Melancholy is a distinctive feature of many of Melville’s characters, apparent from his first book, Typee. In this autobiographical novel, both the narrator and his companion are represented as melancholy, a feature belonging to the romantic stereotype of the restless outsider. In this article, I intend to show how Melville creatively used this stereotype in Typee to present a detached and critical view of Western society. However, it is the inability of the melancholy subject to identify with the monotonous lifestyle of the Marquesas Islands that avoids reducing the book to a mere antimodern pamphlet. Melancholy appears simultaneously as a product of Western culture and modernity and as a privileged point of departure for a constructive criticism of it, affording a perspective that will prove fruitful not only in this book but also in Melville’s subsequent works.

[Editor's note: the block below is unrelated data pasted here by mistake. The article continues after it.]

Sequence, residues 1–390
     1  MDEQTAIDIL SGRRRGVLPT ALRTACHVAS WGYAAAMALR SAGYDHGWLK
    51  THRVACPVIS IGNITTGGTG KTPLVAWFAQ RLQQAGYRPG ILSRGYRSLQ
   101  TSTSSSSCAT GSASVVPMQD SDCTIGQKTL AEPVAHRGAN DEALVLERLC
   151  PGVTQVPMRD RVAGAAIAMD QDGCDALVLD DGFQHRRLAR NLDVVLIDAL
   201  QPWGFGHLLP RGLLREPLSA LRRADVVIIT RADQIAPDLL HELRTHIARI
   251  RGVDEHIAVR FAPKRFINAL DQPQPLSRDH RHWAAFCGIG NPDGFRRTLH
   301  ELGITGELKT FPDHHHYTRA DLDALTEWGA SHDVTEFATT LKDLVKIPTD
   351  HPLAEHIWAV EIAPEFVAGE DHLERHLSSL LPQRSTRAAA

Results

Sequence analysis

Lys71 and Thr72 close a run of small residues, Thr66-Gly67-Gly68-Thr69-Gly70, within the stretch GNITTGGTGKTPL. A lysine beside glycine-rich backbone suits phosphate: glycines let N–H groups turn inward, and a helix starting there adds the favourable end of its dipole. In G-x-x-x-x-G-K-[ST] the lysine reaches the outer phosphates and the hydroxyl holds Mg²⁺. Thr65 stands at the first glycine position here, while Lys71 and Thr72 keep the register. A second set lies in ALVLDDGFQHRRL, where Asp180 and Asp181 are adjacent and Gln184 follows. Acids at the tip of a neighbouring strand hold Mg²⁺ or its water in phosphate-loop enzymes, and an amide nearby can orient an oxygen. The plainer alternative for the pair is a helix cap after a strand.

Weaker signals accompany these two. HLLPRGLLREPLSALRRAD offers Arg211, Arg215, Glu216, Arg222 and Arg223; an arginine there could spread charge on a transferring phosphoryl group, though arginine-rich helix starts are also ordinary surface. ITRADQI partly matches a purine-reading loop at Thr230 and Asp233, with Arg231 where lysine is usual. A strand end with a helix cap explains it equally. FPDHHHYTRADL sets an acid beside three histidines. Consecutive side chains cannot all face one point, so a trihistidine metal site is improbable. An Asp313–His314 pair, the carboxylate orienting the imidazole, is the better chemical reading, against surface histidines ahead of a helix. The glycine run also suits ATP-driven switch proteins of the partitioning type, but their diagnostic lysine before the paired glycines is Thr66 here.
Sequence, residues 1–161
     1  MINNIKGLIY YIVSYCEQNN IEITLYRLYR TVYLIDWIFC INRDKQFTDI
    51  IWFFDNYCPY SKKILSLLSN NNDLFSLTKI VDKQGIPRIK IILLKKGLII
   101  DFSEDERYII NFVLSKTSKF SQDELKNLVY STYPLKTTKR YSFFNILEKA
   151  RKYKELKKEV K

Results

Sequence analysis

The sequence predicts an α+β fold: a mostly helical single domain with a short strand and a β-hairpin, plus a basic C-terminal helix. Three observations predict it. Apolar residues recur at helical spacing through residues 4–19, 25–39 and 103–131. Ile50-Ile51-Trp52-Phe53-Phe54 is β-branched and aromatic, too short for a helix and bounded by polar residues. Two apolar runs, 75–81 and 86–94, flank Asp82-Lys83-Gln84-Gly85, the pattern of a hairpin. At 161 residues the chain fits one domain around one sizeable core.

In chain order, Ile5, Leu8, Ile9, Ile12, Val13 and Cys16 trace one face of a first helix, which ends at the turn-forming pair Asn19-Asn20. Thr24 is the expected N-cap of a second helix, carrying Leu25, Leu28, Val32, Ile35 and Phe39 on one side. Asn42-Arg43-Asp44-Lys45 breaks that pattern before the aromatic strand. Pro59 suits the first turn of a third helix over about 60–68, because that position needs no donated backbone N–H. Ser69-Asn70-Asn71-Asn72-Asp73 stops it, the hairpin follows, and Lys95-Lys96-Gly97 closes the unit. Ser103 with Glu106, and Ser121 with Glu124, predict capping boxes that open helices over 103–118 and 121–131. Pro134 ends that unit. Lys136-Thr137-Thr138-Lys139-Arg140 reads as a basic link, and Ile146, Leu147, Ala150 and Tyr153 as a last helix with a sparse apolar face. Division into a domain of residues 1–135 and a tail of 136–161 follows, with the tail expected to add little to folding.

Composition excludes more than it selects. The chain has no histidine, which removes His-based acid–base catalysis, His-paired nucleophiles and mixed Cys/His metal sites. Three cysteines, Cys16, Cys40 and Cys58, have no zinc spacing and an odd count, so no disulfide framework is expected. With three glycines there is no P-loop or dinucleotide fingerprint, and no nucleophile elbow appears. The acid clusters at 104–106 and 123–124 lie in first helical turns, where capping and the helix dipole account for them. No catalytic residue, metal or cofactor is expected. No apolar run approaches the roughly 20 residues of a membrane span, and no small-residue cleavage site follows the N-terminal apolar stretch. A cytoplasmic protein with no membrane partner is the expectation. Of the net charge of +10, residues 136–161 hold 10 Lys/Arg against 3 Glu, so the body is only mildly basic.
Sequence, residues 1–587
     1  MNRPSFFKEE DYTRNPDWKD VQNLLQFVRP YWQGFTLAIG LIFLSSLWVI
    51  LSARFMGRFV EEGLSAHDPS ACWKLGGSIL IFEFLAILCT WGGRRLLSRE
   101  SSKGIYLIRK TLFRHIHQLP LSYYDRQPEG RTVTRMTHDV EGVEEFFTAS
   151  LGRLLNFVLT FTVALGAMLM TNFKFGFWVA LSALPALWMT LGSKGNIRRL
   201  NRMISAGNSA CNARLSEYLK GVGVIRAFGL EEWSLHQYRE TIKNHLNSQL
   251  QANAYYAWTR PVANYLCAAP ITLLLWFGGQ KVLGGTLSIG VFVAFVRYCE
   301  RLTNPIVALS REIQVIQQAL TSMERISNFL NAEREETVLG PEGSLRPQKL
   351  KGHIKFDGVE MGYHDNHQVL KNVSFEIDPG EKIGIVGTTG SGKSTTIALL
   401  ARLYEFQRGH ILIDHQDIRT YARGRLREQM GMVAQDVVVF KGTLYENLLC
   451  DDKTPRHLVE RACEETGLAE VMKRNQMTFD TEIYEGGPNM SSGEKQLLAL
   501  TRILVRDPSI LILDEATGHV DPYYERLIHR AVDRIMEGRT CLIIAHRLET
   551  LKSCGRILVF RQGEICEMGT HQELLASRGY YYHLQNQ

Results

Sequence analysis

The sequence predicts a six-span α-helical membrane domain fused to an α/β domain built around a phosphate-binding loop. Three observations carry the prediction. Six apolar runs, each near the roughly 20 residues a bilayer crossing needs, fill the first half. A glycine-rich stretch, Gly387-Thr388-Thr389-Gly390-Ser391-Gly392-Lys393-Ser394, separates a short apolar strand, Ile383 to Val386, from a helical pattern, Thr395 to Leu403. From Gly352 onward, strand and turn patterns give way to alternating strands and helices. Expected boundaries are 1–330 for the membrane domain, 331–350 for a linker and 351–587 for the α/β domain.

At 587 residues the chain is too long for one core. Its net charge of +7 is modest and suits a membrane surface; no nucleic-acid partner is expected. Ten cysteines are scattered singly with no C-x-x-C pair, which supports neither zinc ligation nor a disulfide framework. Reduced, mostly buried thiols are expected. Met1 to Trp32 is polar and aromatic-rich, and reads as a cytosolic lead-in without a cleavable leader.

|Numero di pagine||14|
|Stato di pubblicazione||Pubblicato - 2017|
- Melville, Herman